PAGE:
A poll of 16 Singapore-based fund managers has shown that equities are still the preferred investment class at a time of global economic uncertainty.
The bi-annual Fund Poll, conducted by OCBC Bank's wealth management unit, found that eight of those polled believe that equities would offer them the highest returns in the second half of the year.
Of the eight who are keen on equities, three prefer equities in Asia excluding Japan, while the remaining five chose equities in general.
Fund managers are most positive about equity markets in Asia ex-Japan, followed by emerging markets and the US.
In Asia, China is the favourite followed by Thailand, Singapore and Hong Kong.
Among those who would not choose equities, three would go for US high-yield bonds, one would opt for gold, and the remaining four chose other asset classes.
Though almost half of the fund managers were more negative about the outlook for equity markets compared to six months ago, they felt that equities looked cheap relative to their historical valuations, and following the sell-offs in April and May.
HSBC Global Asset Management said that dividend yields were also more attractive than yields for the 10-year Treasury bond, and equities may be volatile in the near term.
Schroder Investment Management suggested that investors diversify their portfolios and focus on yield.
Eastspring Investments favours both US high-yield bonds and Asian high-dividend equities, or US high investment-grade bonds instead of high-yield bonds for those with a lower risk appetite.
The poll, which was conducted in June, found that eurozone worries continued to weigh on fund managers' minds.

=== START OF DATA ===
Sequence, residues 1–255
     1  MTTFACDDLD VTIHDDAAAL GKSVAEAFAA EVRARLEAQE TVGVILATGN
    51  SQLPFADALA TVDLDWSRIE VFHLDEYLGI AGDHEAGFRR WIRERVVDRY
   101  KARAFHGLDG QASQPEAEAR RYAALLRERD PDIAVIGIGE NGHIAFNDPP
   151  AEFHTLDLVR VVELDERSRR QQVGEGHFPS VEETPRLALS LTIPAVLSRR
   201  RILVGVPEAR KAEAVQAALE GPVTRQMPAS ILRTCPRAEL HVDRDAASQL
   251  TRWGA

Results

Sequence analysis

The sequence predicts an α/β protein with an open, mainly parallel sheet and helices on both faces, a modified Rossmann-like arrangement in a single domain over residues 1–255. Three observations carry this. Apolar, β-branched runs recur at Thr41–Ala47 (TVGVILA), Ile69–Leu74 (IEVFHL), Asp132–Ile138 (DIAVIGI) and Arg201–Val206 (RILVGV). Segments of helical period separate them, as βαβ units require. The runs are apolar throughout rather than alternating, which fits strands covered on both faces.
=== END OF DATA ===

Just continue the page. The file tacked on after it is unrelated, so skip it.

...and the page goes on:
Seven out of the 16 expect the eurozone crisis to deteriorate.
But most - 13 - said that they do not foresee a break-up of the euro region.
Moving on to the global economy, only two of the 16 fund managers said that the US recovery would lose steam so much so that the US Federal Reserve would launch a third round of quantitative easing.
The US dollar is expected to strengthen against other major currencies, while Asian currencies could strengthen against the greenback.
Almost all said that a hard landing was unlikely for China, with Allianz Global Investors Singapore saying that recent loan data showed the credit squeeze on the country easing.
Separately, a Singapore Exchange (SGX) release yesterday said that the Straits Times Index rose 8.8 per cent in the first half of the year, outperforming other advanced economies.
This was due to the Monetary Authority of Singapore's policy of modest and gradual appreciation of the Singapore dollar, as well as a diversified portfolio of stocks making up the STI, said SGX.
For the first half of the year, the top five STI stocks in terms of total returns including dividends were CapitaMalls Asia (39.8 per cent), Sembcorp Industries (30.8 per cent), Sembcorp Marine (30 per cent), Hongkong Land (27.9 per cent), and City Developments (27.5 per cent).
The bottom five were Wilmar International (-27.3 per cent), Olam International (-15 per cent), Genting Singapore (-6.1 per cent), Golden Agri-Resources (-3.9 per cent) and NOL (-1.8 per cent).
The five largest stocks on the STI that account for 40 per cent of market capitalisation all posted total return gains: Singapore Telecom (6.8 per cent), DBS Group (22.9 per cent), OCBC (14.2 per cent), UOB (24.9 per cent) and Jardine Matheson (4.7 per cent).
This article was first published in The Business Times.